OEKO-TEX STANDARD 100: new criteria


The Oeko-Tex Association has announced new changes to the Oeko-Tex Standard 100 with immediate effect including changes to the limits of brominated flame retardants and plasticisers on textiles, how heavy metals are detected and how all tested chemicals will be measured.

Effective 1 January 2009, this routine update by Oeko-Tex announces that all limit values and test criteria of the Oeko-Tex certification system will from now on be expressed in mg/kg rather than ppm. In line with the European REACh legislation, the common textile flame retardant chemicals decaBDE (decabromodiphenyl ether) and HBCDD (hexabromocyclododecane)  have been banned by Oeko-Tex Standard 100 as well as the problematic phthalate chemicals (DEHP, BBP and DBP), which already exist for Oeko-Tex Product classes I and II. Phthalates have been used in the T-shirt printing business as a plasticizer for many years and are required to make printed images soft and bendy especially if there are lots of colours layered onto the garment. In the new version of the Oeko-Tex criteria catalogue, it is also now possible to test textile items in which cadmium and lead are bound into a massive matrix and therefore cannot be exactly detected in the presence of a solution of perspiration: for example, top coat paints and lacquers used on toys, where ageing and mechanical wear and tear can cause paints that contain lead and cadmium to break into flakes that could be swallowed by children.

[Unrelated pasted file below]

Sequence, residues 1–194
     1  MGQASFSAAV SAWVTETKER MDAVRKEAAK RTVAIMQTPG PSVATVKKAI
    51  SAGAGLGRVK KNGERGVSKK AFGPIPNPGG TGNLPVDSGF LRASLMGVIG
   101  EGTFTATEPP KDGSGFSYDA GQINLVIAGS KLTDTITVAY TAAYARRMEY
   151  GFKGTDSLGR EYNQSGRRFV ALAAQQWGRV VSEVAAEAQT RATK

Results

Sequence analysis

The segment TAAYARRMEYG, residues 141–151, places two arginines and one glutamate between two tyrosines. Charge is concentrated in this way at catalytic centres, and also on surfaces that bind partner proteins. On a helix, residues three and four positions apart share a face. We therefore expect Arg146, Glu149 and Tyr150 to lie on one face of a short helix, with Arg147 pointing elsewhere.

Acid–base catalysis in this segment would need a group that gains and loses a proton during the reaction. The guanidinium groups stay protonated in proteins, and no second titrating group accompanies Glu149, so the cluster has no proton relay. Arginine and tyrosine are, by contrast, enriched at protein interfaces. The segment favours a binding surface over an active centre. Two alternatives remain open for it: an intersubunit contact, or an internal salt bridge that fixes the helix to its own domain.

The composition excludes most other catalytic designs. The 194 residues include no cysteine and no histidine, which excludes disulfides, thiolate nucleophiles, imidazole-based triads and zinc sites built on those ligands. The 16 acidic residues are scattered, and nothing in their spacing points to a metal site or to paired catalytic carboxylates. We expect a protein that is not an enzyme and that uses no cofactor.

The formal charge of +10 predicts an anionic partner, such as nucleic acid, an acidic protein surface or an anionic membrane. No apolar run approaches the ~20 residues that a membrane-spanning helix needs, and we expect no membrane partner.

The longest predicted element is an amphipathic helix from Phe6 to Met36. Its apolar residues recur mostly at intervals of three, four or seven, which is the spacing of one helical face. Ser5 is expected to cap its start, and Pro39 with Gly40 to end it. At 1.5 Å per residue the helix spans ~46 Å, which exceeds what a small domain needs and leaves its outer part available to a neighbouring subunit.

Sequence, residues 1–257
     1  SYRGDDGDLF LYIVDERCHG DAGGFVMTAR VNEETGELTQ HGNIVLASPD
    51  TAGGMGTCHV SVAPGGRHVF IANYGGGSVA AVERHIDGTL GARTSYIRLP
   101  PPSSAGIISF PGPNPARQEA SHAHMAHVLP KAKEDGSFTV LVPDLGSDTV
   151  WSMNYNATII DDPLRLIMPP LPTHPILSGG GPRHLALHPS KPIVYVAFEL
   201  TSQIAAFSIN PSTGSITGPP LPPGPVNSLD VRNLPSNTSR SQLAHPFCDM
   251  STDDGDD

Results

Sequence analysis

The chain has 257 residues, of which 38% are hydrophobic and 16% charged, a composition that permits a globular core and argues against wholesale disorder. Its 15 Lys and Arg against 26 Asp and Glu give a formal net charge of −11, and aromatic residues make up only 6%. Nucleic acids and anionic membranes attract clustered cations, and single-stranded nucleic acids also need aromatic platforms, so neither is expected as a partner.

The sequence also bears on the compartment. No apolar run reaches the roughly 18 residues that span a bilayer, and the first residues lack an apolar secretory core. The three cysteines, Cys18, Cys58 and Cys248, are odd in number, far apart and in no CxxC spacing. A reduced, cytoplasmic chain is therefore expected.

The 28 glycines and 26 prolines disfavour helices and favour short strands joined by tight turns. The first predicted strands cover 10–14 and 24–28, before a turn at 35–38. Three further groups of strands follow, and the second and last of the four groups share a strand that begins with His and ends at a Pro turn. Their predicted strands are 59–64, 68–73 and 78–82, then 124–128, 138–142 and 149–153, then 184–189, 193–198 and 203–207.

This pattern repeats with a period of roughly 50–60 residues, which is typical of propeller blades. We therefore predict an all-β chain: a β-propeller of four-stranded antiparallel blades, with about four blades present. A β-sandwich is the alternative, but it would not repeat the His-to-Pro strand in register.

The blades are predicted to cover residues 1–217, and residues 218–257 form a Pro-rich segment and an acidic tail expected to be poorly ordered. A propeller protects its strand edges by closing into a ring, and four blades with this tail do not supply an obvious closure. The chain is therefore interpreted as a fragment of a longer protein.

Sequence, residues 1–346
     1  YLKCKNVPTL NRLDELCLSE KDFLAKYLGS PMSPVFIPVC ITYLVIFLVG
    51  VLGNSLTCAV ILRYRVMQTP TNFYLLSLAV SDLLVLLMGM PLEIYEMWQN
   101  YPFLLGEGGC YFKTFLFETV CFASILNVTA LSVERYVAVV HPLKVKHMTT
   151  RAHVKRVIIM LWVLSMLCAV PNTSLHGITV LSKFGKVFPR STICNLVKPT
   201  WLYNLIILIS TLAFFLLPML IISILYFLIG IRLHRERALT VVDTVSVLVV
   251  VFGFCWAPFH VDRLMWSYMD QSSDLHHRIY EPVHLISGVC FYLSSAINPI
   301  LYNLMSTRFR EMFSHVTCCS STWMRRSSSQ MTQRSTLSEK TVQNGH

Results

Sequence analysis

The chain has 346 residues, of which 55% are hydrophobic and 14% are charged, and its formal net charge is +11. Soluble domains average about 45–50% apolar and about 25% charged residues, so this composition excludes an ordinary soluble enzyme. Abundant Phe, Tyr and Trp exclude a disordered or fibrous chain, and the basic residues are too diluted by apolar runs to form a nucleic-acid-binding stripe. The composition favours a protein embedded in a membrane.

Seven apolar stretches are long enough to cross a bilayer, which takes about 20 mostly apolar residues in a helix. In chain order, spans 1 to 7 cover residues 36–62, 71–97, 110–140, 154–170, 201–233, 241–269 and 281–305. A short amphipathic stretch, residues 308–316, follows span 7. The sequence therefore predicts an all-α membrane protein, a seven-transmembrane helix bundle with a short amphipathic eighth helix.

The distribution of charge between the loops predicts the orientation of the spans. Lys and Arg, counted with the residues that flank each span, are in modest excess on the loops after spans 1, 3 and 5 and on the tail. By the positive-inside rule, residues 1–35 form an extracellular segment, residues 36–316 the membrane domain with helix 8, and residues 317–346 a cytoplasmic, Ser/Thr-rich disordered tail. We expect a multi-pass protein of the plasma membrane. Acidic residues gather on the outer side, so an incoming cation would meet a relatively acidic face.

An overview of the actual Oeko-Tex testing criteria and limit values can be downloaded from the internet at: www.oeko-tex.com/limitvalues.                                                                                             



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